Despite the growing industrial and technological advancement, agriculture is still the most significant sector of Pakistan, contributing one-fifth of the total GDP. Wheat is considered to be one of the chief food crops in Pakistan, contributing 10.3% to the agricultural sector and having annual production of 25.3 million tons, calculated in 2013–2014 (Mirza et al., 2015). Zinc, one of the domineering micronutrients, is required in small amount for the proper growth and development of living organisms (Hafeez et al., 2013). In plants, specifically, it is involved in carbohydrate metabolism (Alloway, 2008), auxin metabolism (Alloway, 2004) and acts as a significant anti-oxidant. Zn-finger transcription factors play an important role in the normal development of floral tissues, flowering, fertilization and fruiting (Epstein and Bloom, 2005). Zinc deficiency in plants leads to retarded shoot growth, chlorosis, reduced leaf size (Alloway, 2004), susceptibility to heat, light and fungal infections, as well as affects grain yield, pollen formation, root development, water uptake and transport (Tavallali et al., 2010). Zinc deficiency in wheat leads to yellowing of leaves and stunted growth. Consuming zinc deficient wheat can lead to zinc deficiency in humans as well.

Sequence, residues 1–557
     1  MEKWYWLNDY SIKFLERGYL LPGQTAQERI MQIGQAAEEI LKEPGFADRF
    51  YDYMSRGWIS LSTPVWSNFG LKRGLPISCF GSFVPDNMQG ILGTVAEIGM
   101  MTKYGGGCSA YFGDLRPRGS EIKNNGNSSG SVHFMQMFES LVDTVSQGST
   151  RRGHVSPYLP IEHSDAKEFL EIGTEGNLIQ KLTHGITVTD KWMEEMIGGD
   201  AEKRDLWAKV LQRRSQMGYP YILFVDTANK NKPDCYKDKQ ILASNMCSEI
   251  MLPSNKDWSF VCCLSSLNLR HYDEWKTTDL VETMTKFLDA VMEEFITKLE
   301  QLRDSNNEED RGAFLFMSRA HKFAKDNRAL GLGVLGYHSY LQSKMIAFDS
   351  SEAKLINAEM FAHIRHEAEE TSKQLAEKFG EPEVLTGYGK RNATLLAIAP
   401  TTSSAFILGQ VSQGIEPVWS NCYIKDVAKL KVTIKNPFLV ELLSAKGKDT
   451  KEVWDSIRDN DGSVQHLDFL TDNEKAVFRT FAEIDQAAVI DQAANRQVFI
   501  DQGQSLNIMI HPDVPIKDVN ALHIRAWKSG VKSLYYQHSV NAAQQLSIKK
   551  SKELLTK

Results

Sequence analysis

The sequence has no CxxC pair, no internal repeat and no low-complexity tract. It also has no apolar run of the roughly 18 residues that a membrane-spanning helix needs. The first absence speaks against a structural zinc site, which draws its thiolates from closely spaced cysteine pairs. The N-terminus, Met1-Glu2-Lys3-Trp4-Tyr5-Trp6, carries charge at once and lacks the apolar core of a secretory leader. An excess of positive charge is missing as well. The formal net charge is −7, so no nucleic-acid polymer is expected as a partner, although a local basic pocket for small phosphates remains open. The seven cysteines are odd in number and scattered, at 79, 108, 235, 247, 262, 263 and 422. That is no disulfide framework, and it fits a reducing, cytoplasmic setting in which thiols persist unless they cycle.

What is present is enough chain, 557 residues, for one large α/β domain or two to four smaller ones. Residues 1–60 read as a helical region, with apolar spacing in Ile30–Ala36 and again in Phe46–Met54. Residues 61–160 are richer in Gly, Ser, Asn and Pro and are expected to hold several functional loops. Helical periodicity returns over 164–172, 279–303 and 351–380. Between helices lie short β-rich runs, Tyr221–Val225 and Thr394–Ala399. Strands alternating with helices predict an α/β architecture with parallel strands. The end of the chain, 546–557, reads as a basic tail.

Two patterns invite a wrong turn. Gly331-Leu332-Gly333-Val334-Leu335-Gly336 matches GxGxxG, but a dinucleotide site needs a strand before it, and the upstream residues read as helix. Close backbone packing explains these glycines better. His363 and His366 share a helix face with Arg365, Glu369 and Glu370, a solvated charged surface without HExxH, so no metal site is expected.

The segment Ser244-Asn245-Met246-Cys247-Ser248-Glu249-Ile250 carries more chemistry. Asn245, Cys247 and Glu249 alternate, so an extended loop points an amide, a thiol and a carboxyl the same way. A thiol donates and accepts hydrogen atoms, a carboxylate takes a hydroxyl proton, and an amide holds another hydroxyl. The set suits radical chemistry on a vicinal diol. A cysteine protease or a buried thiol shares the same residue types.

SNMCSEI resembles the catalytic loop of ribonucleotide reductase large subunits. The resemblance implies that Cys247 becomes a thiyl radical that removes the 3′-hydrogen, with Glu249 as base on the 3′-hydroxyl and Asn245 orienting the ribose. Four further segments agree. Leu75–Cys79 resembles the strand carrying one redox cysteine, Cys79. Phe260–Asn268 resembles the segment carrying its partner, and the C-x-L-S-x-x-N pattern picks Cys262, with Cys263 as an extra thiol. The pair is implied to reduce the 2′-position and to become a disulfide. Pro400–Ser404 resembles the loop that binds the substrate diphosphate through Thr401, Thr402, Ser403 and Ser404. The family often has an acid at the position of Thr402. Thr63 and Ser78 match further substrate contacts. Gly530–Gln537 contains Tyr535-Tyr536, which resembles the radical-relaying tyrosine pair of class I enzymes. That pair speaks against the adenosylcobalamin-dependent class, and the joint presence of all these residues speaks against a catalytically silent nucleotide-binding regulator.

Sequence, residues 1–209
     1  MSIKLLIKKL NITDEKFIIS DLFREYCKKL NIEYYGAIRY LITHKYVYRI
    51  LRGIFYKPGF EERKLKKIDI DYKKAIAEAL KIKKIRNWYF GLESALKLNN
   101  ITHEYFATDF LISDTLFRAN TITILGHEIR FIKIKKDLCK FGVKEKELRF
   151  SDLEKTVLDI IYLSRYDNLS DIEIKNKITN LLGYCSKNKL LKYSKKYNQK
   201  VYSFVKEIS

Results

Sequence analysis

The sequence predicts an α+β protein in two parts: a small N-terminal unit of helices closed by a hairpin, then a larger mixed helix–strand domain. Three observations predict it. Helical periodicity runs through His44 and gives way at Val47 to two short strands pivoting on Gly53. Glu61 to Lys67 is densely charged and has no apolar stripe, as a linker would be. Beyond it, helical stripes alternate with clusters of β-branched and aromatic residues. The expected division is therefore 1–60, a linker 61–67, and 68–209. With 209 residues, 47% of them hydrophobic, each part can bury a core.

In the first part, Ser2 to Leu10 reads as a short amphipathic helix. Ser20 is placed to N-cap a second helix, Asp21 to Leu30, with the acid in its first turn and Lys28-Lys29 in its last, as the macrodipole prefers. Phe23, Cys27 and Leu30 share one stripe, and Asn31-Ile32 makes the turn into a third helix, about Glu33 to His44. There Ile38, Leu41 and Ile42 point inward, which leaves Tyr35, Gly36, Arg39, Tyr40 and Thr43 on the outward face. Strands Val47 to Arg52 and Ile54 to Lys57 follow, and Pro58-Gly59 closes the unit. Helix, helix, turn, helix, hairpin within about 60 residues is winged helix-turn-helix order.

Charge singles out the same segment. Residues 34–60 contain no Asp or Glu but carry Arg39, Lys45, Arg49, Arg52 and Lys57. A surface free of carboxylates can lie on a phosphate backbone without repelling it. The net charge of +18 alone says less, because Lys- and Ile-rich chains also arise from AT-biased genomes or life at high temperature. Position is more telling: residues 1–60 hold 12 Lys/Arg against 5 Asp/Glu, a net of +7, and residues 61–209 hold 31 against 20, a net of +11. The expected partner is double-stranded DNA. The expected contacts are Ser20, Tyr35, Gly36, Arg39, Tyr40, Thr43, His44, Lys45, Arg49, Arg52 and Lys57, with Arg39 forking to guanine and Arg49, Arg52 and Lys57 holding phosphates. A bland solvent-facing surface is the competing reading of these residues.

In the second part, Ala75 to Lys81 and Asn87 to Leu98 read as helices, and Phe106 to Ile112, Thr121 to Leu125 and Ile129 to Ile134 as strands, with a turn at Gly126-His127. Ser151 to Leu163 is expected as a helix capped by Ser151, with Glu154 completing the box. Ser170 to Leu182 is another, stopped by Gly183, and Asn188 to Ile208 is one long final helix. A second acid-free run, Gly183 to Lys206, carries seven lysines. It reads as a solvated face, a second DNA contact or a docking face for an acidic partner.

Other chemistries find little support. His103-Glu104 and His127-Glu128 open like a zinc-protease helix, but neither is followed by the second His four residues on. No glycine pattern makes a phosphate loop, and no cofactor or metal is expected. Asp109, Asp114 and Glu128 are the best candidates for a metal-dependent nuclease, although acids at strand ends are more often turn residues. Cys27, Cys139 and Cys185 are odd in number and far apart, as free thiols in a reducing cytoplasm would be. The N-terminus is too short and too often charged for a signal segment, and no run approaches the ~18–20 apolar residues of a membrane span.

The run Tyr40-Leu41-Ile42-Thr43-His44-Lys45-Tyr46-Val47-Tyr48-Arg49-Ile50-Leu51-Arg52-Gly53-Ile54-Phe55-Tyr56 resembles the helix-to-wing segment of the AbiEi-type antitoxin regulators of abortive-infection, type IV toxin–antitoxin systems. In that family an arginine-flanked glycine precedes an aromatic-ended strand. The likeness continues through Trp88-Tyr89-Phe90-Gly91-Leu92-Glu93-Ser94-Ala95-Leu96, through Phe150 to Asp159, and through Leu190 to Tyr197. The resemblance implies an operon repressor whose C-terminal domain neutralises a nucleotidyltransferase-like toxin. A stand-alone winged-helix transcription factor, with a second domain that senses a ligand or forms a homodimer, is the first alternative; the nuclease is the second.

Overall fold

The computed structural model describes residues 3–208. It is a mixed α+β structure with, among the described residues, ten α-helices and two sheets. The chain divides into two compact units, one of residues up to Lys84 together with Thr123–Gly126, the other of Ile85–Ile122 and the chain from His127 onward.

Plants can uptake zinc as divalent cation (Kabata-Pendias and Pendias, 2001) but only a very minor portion of total zinc is present in soil solution as soluble form. Rest of the zinc is in the form of insoluble complexes and minerals (Alloway, 2008). Due to unavailability of zinc in soil, zinc deficiency occurs which is one of the most widespread micronutrient deficiency. To alleviate zinc deficiency, various methods have been applied since long. Zinc fertilizers in the form of zinc sulfate (White and Broadly, 2005) or Zn-EDTA (Karak et al., 2005) have been used, but their usage puts an economical and environmental pressure and these are transformed into insoluble complex forms within 7 days of fertilizer application (Rattan and Shukla, 1991). Regular crop rotation and intercropping has been used in various areas (Gunes et al., 2007; Zuo and Zhang, 2009) to promote zinc uptake by plants. Other methods include conventional breeding (Cakmak et al., 2010), transgenic approaches and genetic engineering (Gustin et al., 2009; Mhatre et al., 2011; Tan et al., 2015). However, these approaches are expensive, laborious and slower. A better alternative to all these approaches is the use of zinc solubilizing rhizobacteria.